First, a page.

Water supply management has conventionally been a key element of development policy. During the UN Millennium Summit in 2000, one explicit target was formulated on water. MDG7c aims to halve the proportion of the population without access to safe drinking water and basic sanitation by 2015. Moreover, it is widely recognized that a reliable supply of clean drinking water and sanitation is vital to fulfill the MDGs on health, education, and poverty reduction in general. Due to the subsequent reduction of water-related diseases, such as diarrheal disease, dengue fever and schistosomiasis, clean and accessible drinking water and sanitation are vital prerequisites for universal education and will boost a country’s economic productivity. Enhancing the quantity and quality of the domestic supply of water in developing countries has thus the potential of becoming a virtuous cycle that improves the development of poor people.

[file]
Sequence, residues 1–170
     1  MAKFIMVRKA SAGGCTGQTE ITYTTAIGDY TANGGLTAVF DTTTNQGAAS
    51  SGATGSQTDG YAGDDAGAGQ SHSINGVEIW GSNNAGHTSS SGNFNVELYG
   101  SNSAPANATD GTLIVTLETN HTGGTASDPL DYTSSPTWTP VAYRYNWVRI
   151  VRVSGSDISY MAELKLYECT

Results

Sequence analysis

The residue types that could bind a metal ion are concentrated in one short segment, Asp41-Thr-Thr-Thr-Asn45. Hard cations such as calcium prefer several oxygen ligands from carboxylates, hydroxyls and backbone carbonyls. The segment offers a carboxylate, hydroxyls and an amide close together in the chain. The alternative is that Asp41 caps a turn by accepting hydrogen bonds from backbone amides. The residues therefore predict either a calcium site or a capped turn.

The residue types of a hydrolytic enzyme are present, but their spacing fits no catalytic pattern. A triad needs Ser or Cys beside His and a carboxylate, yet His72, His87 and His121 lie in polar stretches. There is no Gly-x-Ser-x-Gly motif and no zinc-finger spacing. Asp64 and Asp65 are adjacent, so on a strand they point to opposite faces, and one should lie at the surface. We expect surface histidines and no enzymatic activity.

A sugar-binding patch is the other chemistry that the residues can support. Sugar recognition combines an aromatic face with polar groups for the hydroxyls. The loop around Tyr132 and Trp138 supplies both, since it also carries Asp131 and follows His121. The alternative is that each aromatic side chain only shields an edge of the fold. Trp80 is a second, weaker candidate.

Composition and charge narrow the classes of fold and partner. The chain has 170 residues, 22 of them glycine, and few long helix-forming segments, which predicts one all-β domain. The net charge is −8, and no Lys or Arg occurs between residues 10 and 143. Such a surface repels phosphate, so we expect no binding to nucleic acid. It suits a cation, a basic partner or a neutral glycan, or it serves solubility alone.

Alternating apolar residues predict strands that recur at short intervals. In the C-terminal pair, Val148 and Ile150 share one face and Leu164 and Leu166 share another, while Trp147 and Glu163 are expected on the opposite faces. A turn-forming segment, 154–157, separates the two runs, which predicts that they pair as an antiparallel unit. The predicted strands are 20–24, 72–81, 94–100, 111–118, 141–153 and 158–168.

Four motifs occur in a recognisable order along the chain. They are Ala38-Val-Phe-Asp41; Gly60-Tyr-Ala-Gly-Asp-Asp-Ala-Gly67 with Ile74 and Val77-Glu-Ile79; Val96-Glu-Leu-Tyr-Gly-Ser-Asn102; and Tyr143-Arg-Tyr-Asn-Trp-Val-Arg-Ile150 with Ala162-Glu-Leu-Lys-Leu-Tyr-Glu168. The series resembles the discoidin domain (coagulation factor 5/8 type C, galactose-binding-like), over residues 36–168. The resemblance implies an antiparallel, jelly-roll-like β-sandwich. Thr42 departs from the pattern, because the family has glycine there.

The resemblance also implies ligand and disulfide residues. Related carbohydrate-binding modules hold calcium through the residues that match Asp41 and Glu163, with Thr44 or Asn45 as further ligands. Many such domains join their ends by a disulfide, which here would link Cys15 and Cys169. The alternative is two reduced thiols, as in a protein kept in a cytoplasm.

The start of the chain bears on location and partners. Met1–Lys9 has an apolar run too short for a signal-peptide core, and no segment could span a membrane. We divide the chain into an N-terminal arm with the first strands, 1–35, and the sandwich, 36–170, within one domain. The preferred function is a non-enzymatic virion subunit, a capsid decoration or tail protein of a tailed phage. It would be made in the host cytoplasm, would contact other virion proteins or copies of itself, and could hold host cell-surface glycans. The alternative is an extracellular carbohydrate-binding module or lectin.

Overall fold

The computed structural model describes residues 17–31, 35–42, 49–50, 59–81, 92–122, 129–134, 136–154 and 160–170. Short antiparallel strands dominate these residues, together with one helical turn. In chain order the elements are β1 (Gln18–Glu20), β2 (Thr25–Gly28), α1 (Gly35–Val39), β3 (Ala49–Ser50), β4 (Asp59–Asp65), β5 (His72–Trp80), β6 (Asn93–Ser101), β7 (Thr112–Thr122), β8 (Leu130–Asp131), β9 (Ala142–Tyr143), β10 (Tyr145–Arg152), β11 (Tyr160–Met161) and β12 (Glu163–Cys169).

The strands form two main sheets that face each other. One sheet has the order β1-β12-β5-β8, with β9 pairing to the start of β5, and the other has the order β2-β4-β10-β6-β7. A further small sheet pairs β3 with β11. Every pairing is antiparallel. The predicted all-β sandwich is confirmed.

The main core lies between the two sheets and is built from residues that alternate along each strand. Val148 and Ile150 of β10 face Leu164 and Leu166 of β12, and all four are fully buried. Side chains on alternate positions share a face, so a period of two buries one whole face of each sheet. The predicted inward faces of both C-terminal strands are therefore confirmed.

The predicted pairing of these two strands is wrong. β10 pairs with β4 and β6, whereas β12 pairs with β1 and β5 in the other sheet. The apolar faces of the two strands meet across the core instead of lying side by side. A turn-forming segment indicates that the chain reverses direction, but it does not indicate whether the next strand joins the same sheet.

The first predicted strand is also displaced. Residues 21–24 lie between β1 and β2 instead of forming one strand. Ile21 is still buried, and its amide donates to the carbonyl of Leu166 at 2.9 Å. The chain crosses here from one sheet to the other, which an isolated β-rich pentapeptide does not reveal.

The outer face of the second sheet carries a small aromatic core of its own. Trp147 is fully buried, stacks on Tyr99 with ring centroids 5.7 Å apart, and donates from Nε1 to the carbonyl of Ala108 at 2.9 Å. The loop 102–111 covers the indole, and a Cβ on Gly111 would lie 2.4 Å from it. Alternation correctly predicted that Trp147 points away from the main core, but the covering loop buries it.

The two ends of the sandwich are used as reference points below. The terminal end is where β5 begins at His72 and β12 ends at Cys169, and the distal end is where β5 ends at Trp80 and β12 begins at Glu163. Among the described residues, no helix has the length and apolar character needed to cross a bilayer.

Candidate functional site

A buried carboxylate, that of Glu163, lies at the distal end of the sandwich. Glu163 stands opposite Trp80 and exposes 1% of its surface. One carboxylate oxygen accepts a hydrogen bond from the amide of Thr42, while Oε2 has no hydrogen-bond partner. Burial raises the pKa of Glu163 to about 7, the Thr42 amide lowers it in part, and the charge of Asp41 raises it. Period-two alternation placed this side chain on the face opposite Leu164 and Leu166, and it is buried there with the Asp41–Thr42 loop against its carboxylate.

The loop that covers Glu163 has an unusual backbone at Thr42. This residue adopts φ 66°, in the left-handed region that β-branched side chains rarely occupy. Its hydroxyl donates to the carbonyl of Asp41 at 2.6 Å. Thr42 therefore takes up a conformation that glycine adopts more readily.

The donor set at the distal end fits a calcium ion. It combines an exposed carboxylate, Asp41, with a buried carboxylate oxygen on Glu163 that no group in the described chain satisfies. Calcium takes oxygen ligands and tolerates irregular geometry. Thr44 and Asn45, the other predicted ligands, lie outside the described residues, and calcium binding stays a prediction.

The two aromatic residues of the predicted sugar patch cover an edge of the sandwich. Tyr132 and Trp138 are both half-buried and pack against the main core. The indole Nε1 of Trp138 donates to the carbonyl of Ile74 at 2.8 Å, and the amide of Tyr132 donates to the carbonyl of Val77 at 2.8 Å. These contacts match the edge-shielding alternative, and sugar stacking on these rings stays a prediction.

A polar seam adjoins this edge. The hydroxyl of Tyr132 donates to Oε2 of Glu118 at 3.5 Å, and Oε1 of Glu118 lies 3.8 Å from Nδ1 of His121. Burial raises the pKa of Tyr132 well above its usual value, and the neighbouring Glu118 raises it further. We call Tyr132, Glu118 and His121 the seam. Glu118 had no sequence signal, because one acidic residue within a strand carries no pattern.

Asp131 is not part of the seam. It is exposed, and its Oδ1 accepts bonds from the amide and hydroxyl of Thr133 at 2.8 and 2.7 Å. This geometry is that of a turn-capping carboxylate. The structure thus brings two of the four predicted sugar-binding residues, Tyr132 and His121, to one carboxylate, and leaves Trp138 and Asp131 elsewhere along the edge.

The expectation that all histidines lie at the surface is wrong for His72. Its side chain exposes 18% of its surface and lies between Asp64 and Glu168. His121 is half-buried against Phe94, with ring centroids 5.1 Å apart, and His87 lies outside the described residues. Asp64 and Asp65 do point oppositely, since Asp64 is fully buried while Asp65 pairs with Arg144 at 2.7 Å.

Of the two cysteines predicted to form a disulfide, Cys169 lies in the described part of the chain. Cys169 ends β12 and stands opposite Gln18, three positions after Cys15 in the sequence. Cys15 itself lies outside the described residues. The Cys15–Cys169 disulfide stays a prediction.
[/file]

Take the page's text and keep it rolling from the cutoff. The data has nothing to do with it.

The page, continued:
The post-2015 development agenda on water
The focus on universal access to drinking water, sanitation and hygiene (WASH) will probably remain to be a key element in the post-2015 development agenda. It composes one of the consultations leading up to the formulation of the post-2015 agenda. What is more, in 2010 safe and clean drinking water was recognized by the UN General Assembly as a basic human right, ‘indispensable for leading a life in human dignity’ and a ‘prerequisite for the realization of other human rights’. Yet, as long as water supply management is targeted in an isolated way, these water aims will hardly be met. Rather, the formulation of the post-2015 development agenda requires a multidisciplinary approach in which water is less and less treated as independent sector, but perceived as a crucial global public good which should be managed by a global, integrated and participatory approach. The interconnectedness between water and key global challenges demonstrates the necessity of global water cooperation as a vital means to establish an overarching and multisectoral agenda on water.